Rather, the preferential option for the poor has to do with your extra. I have extra money left over after taking care of my needs so I will go on a vacation. Is that the best use of your surplus? Or is it here that I sacrifice what I have in preference of the other person’s dignity? I give preference to their needs rather than my want (of a vacation.)
Now we look at what the bishops are doing. I look at the MCC’s issue of Focus called A Blueprint for the Common Good. In this issue, the Bishops teach that we must give and do for these different groups and issues. Give, give, give… How to give and who should give is not mentioned. But we do know that the bishops are going to take care of these needs through the government. Doing so, they empower the government to take, take take… Where do they take from? The people through taxes. They then give, give, give… But to whom? Who they want, not who we want. What do they give? Food, housing and clothing? Yes, but also cable, cell phone, internet, alcohol, cigarettes, trips to the restaurant, movies,… Luxuries!
Our duty to help others after our needs are met, has to do with meeting their needs. It does not mean luxuries. In order to give them luxuries, the government has to take even more money form the people through taxes in order to pay for it.
This is a violation of the 5th commandment, thou shalt not steal. People have a right to the fruits of their labors and to the gifts that are given them (like inheritance.) No one has the right to take it from them. Government does have the right to tax for services rendered, but they do not have the right to take the property of one person and give it to another person. This is the principal of socialism called redistribution. Socialism is defined and declared by the Church as an intrinsic evil.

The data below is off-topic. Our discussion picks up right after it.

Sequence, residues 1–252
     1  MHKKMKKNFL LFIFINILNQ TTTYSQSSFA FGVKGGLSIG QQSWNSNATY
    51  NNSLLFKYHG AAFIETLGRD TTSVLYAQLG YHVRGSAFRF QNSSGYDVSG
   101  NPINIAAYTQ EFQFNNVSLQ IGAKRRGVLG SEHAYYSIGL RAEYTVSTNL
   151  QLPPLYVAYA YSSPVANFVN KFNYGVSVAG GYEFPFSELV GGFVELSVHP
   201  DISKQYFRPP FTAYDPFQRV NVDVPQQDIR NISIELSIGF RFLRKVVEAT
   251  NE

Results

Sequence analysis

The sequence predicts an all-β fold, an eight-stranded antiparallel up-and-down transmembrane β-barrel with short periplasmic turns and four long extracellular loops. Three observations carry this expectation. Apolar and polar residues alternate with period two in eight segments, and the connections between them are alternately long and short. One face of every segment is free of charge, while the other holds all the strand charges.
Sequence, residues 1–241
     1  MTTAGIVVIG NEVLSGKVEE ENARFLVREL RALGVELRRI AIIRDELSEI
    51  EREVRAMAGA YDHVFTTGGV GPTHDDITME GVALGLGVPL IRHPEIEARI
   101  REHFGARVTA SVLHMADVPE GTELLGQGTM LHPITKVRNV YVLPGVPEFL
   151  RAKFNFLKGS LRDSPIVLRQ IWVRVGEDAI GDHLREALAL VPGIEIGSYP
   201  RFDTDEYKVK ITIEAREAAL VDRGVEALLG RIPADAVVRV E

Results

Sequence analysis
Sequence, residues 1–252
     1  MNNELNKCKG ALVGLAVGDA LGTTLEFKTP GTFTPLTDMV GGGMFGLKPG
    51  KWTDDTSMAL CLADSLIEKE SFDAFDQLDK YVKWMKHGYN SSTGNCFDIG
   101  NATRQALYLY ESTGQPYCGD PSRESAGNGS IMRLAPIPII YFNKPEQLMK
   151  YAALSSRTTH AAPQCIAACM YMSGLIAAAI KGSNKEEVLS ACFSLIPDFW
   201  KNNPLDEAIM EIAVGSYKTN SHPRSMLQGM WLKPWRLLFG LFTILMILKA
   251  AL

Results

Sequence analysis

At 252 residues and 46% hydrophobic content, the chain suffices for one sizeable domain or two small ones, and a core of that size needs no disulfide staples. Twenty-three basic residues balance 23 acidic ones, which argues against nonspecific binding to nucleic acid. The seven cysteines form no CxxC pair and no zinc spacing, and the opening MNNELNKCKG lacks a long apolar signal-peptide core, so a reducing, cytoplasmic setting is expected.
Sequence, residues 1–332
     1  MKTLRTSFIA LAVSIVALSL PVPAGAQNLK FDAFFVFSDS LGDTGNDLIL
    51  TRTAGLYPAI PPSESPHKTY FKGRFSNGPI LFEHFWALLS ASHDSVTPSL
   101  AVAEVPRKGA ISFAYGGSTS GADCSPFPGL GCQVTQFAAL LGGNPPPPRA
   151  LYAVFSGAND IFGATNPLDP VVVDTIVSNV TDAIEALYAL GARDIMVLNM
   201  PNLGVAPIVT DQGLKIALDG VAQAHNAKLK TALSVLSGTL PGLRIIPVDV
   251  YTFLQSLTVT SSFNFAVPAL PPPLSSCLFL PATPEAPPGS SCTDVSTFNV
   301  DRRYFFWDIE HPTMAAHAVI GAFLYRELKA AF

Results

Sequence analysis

Granted, the poor will always be with us. So yes, I believe in the common good. But what is common is that we all have the duty to take care of ourselves and our families to the extent that we are able. After that, we look at the preferential option for those in need.
With this I ask, why are the bishops not preaching and teaching the real first duty we all have in common for the good of all? Charity! If I love my neighbor, then I will not become a burden on him as he himself is trying to feed his family.
We can look at this point from scripture. Remember the ten virgins? Five were foolish and five were wise. The foolish did not bring extra oil whereas the wise did. When the time came, the foolish did not have enough oil and asked the wise to give them some of their oil. The wise virgins said, “No, there may not be enough for both us and you. Go into town and buy some for yourselves.” Jesus used this example as a good and smart thing to do. He did not criticize wise virgins for not being charitable, but rather, congratulated them for they are the ones that were invited into the presence of the Groom. It is wise to take care of your own needs first for that is your duty.
As you can see, I write this because there are so many Americans who do not want to take care of themselves but want to be a leach on the butt of society, sucking off the wealth of others who are just trying to care for their families. Why are the bishops supporting and promoting this by empowering the government to exercise socialist policies at the expense of those who work hard to squeak out an existence?
(Please keep in mind that the above is taking into consideration that there is no crisis or some other extraordinary situation taking place in society. When this occurs, charity and it’s demands change this whole scenario. It is my view that our society is in an ordinary situation of dealing with questions that societies deal with. With this in mind, the standard and ordinary morality applies as addressed above.)